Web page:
The Morning Commute

It’s Monday, 9:43 AM when I reach street level, emerging from the 6 train on the corner of Bleecker and Lafayette. It’s been over an hour and a half since I stumbled out of bed, but my brain still isn’t alert to the fact that I’m 13 minutes late for work. Or maybe I just don’t care. The fun-sized Michael Clarke Duncan lookalike at the top of the stairwell grabs a newspaper from his red smock and thrusts it into my gut. Instantly, I’m annoyed. Where was he 25 minutes ago when I would’ve gladly accepted a fun game of “see how many typos I can spot” to keep me awake on my morning commute?

The site of Pinche Taqueria reassures me that despite my mind functioning like mashed potatoes at this hour, I haven’t suffered brain damage overnight because I’m still able to do simple math. Only three short hours until lunch. I love lunch. I wake up in the morning thinking about lunch, and sometimes I go to bed fantasizing about overstuffed burritos, dripping with guacamole and sour cream.

Next to Pinche, a few people anxiously huddle around the walk-up window at Bite waiting for their steaming cups of adrenaline. I make eye contact with a tall, lanky hipster guy wearing black skinny jeans, thick-rimmed glasses, and a leather jacket, clearly showing off a feminine figure that most vapid New York girls would kill for. Since when did men become so non-manly? The trash can next to him is already half full (is that still optimistic when you’re talking about trash?) and there’s a river of milky brown coffee flowing from it. I’m surprised that some overworked, underpaid New Yorker isn’t on the ground slurping up this liquid gold in an effort to make it through another day.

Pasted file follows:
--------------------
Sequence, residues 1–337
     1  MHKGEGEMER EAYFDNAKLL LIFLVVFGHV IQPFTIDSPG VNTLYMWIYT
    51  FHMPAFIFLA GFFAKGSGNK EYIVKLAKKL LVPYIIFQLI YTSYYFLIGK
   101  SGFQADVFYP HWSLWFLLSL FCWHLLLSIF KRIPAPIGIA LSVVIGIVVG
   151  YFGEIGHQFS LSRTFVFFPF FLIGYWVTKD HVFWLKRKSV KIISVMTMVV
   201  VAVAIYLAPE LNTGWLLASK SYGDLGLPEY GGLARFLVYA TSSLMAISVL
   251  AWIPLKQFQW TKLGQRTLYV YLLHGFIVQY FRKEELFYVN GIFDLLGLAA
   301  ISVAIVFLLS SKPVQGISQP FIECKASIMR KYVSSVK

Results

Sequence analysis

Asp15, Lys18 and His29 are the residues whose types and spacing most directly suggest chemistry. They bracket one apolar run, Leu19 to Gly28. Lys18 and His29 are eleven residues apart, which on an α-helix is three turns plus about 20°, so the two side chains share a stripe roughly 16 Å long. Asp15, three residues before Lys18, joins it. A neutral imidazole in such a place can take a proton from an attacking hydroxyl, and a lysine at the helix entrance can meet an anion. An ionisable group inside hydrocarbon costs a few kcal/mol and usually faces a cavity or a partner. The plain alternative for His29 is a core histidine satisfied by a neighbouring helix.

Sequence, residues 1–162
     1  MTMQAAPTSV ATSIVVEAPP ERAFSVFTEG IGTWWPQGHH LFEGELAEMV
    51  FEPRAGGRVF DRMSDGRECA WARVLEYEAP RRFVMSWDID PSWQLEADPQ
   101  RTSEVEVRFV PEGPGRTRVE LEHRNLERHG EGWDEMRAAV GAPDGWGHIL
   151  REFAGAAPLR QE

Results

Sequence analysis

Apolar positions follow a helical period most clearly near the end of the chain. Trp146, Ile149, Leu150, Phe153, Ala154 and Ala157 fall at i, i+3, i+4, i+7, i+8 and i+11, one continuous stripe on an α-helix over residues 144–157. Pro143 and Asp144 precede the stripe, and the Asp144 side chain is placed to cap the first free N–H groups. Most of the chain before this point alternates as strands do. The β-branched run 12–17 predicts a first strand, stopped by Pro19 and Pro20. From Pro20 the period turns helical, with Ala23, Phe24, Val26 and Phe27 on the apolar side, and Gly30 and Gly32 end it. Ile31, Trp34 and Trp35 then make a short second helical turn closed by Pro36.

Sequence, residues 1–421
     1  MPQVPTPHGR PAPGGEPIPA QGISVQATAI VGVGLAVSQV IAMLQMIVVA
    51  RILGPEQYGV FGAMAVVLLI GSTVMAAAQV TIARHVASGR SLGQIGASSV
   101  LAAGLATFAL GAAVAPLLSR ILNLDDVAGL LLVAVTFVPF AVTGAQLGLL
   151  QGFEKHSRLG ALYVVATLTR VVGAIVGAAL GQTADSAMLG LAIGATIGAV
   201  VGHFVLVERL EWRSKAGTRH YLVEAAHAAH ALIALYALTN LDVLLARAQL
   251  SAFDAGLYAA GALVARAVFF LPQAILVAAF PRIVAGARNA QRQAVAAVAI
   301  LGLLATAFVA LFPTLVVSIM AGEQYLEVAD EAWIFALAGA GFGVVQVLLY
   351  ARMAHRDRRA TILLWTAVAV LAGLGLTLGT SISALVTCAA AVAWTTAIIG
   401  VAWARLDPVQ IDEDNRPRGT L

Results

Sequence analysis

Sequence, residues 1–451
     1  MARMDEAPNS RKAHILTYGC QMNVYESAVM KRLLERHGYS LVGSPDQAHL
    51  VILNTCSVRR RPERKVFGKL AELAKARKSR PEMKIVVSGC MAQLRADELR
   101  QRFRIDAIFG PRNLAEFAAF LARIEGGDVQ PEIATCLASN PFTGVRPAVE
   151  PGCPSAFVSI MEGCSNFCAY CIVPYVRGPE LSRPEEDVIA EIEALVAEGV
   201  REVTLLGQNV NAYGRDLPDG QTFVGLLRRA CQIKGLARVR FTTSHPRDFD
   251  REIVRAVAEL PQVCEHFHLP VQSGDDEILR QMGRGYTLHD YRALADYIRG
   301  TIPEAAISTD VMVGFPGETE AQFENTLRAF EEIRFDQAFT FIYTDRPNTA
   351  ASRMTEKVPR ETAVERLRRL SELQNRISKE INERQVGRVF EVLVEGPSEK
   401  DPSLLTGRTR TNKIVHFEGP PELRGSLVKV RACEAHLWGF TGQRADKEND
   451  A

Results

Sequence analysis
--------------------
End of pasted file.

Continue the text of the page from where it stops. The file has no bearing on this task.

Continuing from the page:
The systematic, endless line of taxis swerve their way up Lafayette Street, seeming completely oblivious to any pedestrians who don’t have their arm outstretched. Us New Yorkers dash across the intersection between blurs of yellow, but the tourists stay back and wait for the reassuring walk signal.

The smell of gourmet french fries (yes that’s a thing, welcome to New York) pumps out of the Noho Star, making me wonder what kind of first-class breakfast they serve in there. The place mystifies me with its backwards sign and distinctive tinted windows framed with white lines, but I’m too cheap to go in for a meal. I pass by and see the stools still flipped upside down inside of the Bleecker Street Bar next door. Again I find myself doing math, only eight hours until happy hour.

Crossing the uneven cobblestone bricks on Crosby Street makes me glad that I’m not a high heels kind of girl. But the concrete renovation I’m forced to detour around is the last thing to add to my Monday morning blues. Until I step inside the office.